Published online by Cambridge University Press: 01 January 2021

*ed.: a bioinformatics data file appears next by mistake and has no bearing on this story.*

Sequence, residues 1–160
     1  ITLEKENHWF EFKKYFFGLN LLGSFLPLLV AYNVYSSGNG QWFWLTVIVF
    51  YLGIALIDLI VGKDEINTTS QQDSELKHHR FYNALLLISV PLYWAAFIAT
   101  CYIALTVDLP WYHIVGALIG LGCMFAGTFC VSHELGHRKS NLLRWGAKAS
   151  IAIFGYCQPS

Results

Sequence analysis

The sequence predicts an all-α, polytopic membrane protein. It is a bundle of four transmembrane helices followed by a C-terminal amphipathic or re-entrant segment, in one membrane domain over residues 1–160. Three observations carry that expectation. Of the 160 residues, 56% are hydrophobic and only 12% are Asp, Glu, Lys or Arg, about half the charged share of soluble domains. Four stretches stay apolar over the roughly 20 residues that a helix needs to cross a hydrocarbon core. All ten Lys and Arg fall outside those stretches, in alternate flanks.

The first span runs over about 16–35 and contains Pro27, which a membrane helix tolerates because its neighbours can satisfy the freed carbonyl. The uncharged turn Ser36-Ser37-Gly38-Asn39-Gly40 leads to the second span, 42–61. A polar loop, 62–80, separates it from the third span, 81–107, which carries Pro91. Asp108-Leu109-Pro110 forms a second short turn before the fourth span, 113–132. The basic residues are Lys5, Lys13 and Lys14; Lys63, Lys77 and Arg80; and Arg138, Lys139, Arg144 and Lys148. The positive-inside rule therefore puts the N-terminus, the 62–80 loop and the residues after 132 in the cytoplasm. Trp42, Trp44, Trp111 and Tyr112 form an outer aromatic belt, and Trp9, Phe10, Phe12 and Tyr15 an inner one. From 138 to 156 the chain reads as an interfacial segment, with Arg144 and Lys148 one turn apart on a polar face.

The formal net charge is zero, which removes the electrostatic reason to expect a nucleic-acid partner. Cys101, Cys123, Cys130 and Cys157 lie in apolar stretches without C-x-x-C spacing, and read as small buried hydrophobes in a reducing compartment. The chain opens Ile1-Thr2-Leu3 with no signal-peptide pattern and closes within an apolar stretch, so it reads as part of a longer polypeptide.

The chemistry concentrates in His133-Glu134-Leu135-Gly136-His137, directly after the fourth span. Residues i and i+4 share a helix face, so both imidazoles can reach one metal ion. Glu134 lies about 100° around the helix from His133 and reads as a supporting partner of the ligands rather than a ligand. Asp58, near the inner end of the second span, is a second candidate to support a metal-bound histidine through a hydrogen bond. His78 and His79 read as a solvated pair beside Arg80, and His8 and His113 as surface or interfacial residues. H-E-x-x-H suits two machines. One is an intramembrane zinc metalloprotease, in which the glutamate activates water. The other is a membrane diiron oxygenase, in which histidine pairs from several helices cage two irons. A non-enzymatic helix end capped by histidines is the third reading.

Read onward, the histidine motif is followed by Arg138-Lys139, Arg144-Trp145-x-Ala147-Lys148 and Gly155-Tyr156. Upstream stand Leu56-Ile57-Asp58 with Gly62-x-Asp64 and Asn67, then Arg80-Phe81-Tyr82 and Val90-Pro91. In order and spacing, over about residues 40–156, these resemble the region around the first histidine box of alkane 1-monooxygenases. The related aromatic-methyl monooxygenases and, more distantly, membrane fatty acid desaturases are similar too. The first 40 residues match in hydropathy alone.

Nanomedicine is yielding new and improved treatments and diagnostics for a range of diseases and disorders. Nanomedicine applications incorporate materials and components with nanoscale dimensions (often defined as 1-100 nm, but sometimes defined to include dimensions up to 1000 nm, as discussed further below) where novel physiochemical properties emerge as a result of size-dependent phenomena and high surface-to-mass ratio. Nanotherapeutics and in vivo nanodiagnostics are a subset of nanomedicine products that enter the human body. These include drugs, biological products (biologics), implantable medical devices, and combination products that are designed to function in the body in ways unachievable at larger scales. Nanotherapeutics and in vivo nanodiagnostics incorporate materials that are engineered at the nanoscale to express novel properties that are medicinally useful. These nanomedicine applications can also contain nanomaterials that are biologically active, producing interactions that depend on biological triggers. Examples include nanoscale formulations of insoluble drugs to improve bioavailability and pharmacokinetics, drugs encapsulated in hollow nanoparticles with the ability to target and cross cellular and tissue membranes (including the bloodbrain barrier) and to release their payload at a specific time or location, imaging agents that demonstrate novel optical properties to aid in locating micrometastases, and antimicrobial and drug-eluting components or coatings of implantable medical devices such as stents.
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